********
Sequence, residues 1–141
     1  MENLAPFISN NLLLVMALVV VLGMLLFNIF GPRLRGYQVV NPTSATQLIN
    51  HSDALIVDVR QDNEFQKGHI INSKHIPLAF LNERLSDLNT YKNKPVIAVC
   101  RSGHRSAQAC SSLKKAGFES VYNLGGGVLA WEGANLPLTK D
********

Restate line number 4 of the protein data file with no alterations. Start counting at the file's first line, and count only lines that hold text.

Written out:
   101  RSGHRSAQAC SSLKKAGFES VYNLGGGVLA WEGANLPLTK D